SUDDEN FEAR – A playwright fires an actor as she workshops her play prior to opening night. Sudden Fear by Edna Sherry inspired the movie starring Joan Crawford in 1952. Myra Hudson becomes embroiled in a tangled web of a murder plot, a double cross, jealous rivals, a frame job and a counter attack. With her husband, a bourgeois girl she saves from drowning, her secretary and her financial advisor. This classic novel of psychological suspense novel keeps the reader guessing as the author lets the elaborate plot unravel. This is a must read!
NINE WRONG ANSWERS – An imposter is framed for murder – where the reader matches wits with the author to dispel the ‘wrong answers’ – and conceals the murderer. The Nine Wrong Answers by John Dickson Carr uses an ingenious device, footnotes that proceed through the novel, to arrive at the final chapter titled ‘The Nine Right Answers’. Evidence builds along the way but the protagonist is outguessed at every turn. Carr is a classic mystery writer, if you are inclined to read a whodunit, don’t miss this opportunity!
GIRL WITH THE DRAGON TATTOO – A journalist pairs with a private investigator to uncover the truth of a young girl’s disappearance. The Girl with the Dragon Tattoo by Stieg Larson was published posthumously – he died suddenly of a heart attack – shortly after the delivery of the manuscript to the publisher. This is a locked room murder mystery, where alternate story lines are merged later on, that follows a sprawling cast of characters. The topics are controversial; murder, rape, racism, torture. But the lengthy novel works, because the author takes the time to let the characters and plot unwind naturally.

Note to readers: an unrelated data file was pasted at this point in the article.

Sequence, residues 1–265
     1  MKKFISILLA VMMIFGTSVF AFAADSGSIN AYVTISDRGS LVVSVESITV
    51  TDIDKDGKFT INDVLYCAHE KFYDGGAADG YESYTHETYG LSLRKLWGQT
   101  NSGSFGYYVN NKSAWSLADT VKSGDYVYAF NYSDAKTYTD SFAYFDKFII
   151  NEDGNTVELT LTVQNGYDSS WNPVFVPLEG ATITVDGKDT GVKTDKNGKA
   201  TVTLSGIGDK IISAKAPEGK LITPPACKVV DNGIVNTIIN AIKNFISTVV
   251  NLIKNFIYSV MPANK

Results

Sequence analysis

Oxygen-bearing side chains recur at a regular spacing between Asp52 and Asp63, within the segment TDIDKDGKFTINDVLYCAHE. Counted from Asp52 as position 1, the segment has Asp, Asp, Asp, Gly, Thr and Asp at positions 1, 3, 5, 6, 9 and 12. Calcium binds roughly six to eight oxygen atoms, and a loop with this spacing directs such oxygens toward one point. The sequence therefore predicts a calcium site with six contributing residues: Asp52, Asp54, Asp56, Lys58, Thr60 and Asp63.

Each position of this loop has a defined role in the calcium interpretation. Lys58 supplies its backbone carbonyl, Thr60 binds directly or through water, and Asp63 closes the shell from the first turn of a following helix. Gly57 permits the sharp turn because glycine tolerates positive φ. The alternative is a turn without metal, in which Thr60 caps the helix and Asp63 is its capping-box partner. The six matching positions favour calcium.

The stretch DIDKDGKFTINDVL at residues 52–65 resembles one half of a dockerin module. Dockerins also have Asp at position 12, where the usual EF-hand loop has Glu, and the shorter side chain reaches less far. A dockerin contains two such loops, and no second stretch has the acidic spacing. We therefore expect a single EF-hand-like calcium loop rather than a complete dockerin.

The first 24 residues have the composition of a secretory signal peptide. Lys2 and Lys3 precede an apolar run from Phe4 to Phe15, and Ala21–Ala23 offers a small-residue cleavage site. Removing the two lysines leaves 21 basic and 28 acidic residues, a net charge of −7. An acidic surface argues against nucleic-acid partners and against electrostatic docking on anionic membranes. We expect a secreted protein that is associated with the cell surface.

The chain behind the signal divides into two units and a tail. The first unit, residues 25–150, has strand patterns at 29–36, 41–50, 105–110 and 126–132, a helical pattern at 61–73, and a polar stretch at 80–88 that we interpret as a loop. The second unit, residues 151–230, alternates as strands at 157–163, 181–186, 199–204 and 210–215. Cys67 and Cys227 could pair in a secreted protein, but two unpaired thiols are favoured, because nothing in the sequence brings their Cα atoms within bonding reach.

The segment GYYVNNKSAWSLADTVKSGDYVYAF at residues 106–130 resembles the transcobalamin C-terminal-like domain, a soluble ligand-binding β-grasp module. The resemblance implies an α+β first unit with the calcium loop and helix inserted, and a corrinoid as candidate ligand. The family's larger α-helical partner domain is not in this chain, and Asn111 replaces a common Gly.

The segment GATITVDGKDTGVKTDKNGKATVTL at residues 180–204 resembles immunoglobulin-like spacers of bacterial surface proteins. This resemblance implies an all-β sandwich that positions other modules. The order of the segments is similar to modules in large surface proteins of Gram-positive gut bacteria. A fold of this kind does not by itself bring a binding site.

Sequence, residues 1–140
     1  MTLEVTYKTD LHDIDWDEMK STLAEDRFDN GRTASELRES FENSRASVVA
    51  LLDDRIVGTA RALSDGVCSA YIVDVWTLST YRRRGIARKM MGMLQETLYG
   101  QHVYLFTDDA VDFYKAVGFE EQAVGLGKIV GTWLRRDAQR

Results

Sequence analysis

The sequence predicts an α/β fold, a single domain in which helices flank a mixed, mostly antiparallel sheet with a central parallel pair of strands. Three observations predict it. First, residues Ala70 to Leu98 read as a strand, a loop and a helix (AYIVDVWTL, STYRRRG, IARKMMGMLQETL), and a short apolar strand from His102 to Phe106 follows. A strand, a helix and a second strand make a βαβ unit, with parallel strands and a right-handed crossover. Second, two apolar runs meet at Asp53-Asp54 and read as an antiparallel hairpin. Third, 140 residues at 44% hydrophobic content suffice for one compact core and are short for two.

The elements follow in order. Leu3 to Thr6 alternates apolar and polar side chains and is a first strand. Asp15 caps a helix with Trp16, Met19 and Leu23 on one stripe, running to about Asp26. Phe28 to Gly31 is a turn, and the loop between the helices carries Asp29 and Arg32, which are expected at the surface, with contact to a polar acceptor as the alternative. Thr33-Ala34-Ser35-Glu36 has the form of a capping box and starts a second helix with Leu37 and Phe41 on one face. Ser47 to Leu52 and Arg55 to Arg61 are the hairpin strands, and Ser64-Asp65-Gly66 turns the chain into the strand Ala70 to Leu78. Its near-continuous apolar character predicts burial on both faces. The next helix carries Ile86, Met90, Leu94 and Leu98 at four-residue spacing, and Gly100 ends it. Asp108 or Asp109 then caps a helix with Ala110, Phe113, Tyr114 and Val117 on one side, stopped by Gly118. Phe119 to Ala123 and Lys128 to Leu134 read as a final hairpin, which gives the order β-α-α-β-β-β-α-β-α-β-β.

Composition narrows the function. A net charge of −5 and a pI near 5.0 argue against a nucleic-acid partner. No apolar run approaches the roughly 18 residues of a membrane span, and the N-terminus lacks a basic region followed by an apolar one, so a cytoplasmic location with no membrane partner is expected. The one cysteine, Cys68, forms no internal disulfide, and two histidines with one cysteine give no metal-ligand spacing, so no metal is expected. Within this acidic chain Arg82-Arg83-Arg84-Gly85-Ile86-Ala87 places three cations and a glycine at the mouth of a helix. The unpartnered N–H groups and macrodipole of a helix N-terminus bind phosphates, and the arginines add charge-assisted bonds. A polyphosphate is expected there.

4 LESSONS IN CREATIVITY BY JOHN CLEESE – This post contains a snippet from the full article, see below for the link. You may not recognize the name John Cleese, but you are certainly familiar with Monty Python. He talks about tapping into the unconscious and the right side of the brain. As artists we must turn off the editor analyzer tape that constantly runs in our brains.